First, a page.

Friday, June 1, 2007

Google Being Investigated Over Privacy Concerns

Update: Blogger is being an absolute piece of junk....pieces of this story have gone missing, so parts of it may look rushed. It's because they are.

I've got numerous stories saved in my Google Reader account (oh the irony) regarding pending investigations in the EU regarding Google and privacy concerns. Stories here, here, here and here.

Essentially, the concerns boil down to the EU being concerned about Google retaining search data targeted to specific IP addresses (or users if you use a Google account) for 2 years (the former policy was to retain targeted information indefinitely).

Google's responses to these concerns are unavailing in my opinion.

Their first reason for retaining data is that it improves Google products, and 2 examples are given (monitoring whether the best result that is clicked on most is number 1 in the search results and also monitoring spelling errors to improve Google's spellchecking feature). Neither of these examples require storing IP addresses for any length of time. For both examples, Google could easily use anonymous data to improve their search engine.

The second reason given is that IP addresses are needed to improve security. However (and correct me if I'm wrong) I see no reason that 6 months worth of targeted data would not suffice. If someone is exploiting flaws in Google's services, engaging in click fraud or other forms of attacks, 6 months of data would more than suffice to detect abuse. Working for a technology company myself, most abuse in my experience is detected using current or very recent data, not data that has languished on a server for 2 years.

The third reason is that Google wants to ensure compliance with future laws that have not yet been implemented, and for which compliance is not yet necessary. This excuse is ridiculous and falls flat on its face. Google is under no obligation whatsoever to comply with laws that might be passed in the future. If those laws are passed, it would be perfectly suitable (and necessary) for Google to comply with those laws when they are passed. I personally don't go out of my way to comply with laws that have yet to be passed, and I see no reason for Google to be doing so.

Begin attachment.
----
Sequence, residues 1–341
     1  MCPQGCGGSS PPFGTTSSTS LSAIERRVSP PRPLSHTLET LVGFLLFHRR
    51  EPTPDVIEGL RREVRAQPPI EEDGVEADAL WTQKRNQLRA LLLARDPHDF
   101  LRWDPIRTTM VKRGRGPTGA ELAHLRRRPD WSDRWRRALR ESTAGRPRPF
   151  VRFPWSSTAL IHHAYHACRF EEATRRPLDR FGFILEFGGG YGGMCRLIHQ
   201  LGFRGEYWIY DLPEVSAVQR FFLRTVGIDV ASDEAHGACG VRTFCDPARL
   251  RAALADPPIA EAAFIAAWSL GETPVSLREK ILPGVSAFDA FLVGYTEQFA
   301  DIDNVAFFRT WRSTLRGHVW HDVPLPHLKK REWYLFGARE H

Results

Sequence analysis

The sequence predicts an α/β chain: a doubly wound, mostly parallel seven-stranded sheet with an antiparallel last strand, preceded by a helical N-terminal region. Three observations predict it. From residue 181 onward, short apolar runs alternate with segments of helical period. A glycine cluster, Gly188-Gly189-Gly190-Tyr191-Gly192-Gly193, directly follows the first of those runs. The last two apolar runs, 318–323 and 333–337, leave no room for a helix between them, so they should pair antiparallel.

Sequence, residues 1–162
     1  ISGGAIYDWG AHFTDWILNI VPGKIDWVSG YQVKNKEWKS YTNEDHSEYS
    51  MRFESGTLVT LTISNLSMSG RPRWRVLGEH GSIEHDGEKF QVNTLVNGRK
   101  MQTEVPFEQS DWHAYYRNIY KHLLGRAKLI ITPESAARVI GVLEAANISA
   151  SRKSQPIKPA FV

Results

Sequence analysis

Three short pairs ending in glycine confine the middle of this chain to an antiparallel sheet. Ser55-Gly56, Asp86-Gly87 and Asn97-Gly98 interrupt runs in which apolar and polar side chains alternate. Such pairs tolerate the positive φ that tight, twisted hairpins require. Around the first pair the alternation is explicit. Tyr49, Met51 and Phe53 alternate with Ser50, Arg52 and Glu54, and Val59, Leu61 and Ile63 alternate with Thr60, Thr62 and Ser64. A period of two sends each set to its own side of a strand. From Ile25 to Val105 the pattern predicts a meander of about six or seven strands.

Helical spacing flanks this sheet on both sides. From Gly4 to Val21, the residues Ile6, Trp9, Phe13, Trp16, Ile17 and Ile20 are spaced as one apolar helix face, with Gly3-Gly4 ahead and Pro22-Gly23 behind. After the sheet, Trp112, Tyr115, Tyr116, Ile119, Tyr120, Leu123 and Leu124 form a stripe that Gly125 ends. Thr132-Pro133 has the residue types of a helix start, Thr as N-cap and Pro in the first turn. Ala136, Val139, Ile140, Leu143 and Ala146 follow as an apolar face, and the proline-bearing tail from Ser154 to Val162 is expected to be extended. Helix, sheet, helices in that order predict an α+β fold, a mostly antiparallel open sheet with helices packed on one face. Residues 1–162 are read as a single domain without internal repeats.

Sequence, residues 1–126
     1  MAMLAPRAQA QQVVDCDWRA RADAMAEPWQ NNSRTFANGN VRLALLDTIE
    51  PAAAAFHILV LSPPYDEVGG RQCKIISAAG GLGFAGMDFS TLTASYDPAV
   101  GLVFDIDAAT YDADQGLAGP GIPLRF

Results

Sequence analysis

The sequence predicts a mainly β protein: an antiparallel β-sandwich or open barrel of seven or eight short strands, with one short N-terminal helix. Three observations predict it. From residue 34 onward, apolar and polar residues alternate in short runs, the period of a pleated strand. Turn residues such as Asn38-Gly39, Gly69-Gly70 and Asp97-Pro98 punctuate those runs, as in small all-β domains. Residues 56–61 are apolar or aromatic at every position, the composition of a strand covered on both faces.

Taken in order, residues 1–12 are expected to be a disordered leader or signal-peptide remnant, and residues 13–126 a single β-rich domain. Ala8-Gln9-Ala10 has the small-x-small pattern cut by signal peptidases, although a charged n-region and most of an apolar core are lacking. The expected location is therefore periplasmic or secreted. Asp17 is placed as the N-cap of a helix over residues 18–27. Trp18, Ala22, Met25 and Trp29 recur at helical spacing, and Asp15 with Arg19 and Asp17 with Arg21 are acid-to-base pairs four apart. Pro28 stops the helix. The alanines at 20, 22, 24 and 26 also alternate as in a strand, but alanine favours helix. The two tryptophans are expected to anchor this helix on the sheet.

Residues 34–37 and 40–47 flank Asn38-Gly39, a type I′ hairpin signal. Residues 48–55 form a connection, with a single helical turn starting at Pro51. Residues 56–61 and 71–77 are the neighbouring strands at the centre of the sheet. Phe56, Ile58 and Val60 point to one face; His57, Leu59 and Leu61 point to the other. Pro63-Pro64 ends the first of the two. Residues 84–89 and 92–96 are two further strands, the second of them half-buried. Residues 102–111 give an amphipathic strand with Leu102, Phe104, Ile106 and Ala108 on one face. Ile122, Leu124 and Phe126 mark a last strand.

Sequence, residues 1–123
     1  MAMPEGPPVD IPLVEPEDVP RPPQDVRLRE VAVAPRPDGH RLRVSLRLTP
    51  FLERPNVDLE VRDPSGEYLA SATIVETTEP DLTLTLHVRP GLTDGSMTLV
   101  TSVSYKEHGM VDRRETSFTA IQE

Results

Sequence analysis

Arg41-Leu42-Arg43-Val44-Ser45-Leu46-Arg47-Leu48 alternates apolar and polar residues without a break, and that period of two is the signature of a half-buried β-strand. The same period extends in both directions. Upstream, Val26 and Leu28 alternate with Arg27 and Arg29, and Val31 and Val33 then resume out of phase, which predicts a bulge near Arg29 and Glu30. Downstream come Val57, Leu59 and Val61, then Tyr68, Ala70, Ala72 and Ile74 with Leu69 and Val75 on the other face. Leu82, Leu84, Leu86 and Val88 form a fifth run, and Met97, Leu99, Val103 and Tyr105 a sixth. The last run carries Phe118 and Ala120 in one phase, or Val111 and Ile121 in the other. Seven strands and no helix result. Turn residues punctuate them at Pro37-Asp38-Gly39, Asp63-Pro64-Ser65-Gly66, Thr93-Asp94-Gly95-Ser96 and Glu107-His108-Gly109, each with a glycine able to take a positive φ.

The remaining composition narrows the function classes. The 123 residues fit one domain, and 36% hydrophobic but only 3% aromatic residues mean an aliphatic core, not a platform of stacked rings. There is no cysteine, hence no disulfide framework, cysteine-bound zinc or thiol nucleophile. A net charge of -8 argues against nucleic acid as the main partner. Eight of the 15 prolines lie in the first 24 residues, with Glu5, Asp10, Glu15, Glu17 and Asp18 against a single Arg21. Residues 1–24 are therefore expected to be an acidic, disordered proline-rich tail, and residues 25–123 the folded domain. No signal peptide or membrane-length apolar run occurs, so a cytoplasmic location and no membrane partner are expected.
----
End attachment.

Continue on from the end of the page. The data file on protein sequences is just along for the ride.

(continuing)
I personally use Google's non-search services such as Blogger (obviously), Gmail and Google Calendar. I went out of my way to make an account and was forced to read through a privacy policy before making use of these services. With this in mind, I think it is perfectly acceptable for Google to hoard my data (they kind of have to in order to provide e-mail services).

However, Google Search does not require you to read a privacy policy. There is little to no indication whatsoever that Google is retaining any data. I, using Google's other services, consented to have my data stored on Google's servers. Regular Google search users did not provide this consent, and I think it is unethical for Google to be hoarding this data for as long as they do.

Also, instead of making up flimsy excuses that don't withstand the powerful forces of common sense, Google should come right out and admit that this data is being retained in order to more accurately target ads to individual users to increase Google's bottom line.


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